89. Hagenaars MA, Stins JF, Roelofs K 2012. Aversive life events enhance human freezing responses. J. Exp. Psychol. Gen. 141, 98–105. (doi:10.1037/a0024211) [PubMed]
90. Niermann H, Figner B, Tyborowska A, Cillessen T, Roelofs K 2015. Effects of stress on bodily freezing in adolescents. Psychoneuroendocrinology 61, 41 (doi:10.1016/j.psyneuen.2015.07.500) [PubMed]
91. Lang PJ, Bradley MM, Cuthbert BN 1997. Motivated attention: affect, activation and action. In Attention and orienting: sensory and motivational processes (eds Lang PJ, Simons RF, Balaban MT), pp. 97–135. Hillsdale, NJ: Lawrence Erlbaum Associates, Inc.
92. Satpute AB, Wager TD, Cohen-Adad J, Bianciardi M, Choi JK, Buhle JT, Wald LL, Feldman Barrett L 2013. Identification of discrete functional subregions of the human periaqueductal gray. Proc. Natl Acad. Sci. USA 110, 17 101–17 106. (doi:10.1073/pnas.1306095110) [PubMed]
93. Seeley WW, Menon V, Schatzberg AF, Keller J, Glover GH, Kenna H, Reiss AL, Greicius MD 2007. Dissociable intrinsic connectivity networks for salience processing and executive control. J. Neurosci. 27, 2349–2356. (doi:10.1523/JNEUROSCI.5587-06.2007) [PMC free article] [PubMed]
94. Roy AK, Shehzad Z, Margulies DS, Kelly AMC, Uddin LQ, Gotimer K, Biswal BB, Castellanos FX, Milham MP 2009. Functional connectivity of the human amygdala using resting state fMRI. Neuroimage 45, 614–626. (doi:10.1016/j.neuroimage.2008.11.030) [PMC free article] [PubMed]
95. Oliveri M, Babiloni C, Filippi MM, Caltagirone C, Babiloni F, Cicinelli P, Traversa R, Palmieri MG, Rossini PM 2003. Influence of the supplementary motor area on primary motor cortex excitability during movements triggered by neutral or emotionally unpleasant visual cues. Exp. Brain Res. 149, 214–221. (doi:10.1007/s00221-002-1346-8) [PubMed]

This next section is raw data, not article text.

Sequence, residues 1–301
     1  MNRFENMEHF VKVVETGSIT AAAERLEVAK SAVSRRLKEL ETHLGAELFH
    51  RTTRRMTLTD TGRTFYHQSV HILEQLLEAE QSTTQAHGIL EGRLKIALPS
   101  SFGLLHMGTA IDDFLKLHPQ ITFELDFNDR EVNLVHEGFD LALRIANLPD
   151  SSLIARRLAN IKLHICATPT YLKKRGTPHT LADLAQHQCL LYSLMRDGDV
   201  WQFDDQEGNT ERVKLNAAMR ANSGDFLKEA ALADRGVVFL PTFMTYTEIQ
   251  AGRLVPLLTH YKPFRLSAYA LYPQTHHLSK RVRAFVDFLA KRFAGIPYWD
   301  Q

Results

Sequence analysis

96. Borgomaneri S, Vitale F, Gazzola V, Avenanti A 2015. Seeing fearful body language rapidly freezes the observer's motor cortex. Cortex 65, 232–245. (doi:10.1016/j.cortex.2015.01.014) [PubMed]
97. Nicol JR, Perrotta S, Caliciuri S, Wachowiak MP 2013. Emotion-specific modulation of early visual perception. Cogn. Emot. 27, 1478–1485. (doi:10.1080/02699931.2013.793654) [PubMed]
98. Bocanegra BR. 2014. Affecting speed and accuracy in perception. Cogn. Affect. Behav. Neurosci. 14, 1454–1466. (doi:10.3758/s13415-014-0296-5) [PubMed]
99. Breitmeyer BG, Williams MC 1990. Effects of isoluminant background color on metacontrast and stroboscopic motion: interactions between sustained (P) and transient (M) channels. Vision Res. 30, 1069–1075. (doi:10.1016/0042-6989(90)90115-2) [PubMed]
100. Scherer KR. 2009. Emotions are emergent processes: they require a dynamic computational architecture. Phil. Trans. R. Soc. B 364, 3459–3474. (doi:10.1098/rstb.2009.0141) [PMC free article] [PubMed]
101. James W. 1884. What is an emotion? Mind 9, 188–205. (doi:10.1093/mind/os-IX.34.188)
102. Frijda NH. 1988. The laws of emotion. Am. Psychol. 43, 349–358. (doi:10.1037/0003-066X.43.5) [PubMed]
103. Bovin MJ, Jager-Hyman S, Gold SD, Marx BP, Sloan DM 2008. Tonic immobility mediates the influence of peritraumatic fear and perceived in escapability on posttraumatic stress symptom severity among sexual assault survivors. J. Trauma Stress 21, 402–409. (doi:10.1002/jts.20354) [PubMed]
104. Heidt JM, Marx BP, Forsyth JP 2005. Tonic immobility and childhood sexual abuse: a preliminary report evaluating the sequela of rape-induced paralysis. Behav. Res. Ther. 43, 1157–1171. (doi:10.1016/j.brat.2004.08.005) [PubMed]

Articles from Philosophical Transactions of the Royal Society B: Biological Sciences are provided here courtesy of The Royal Society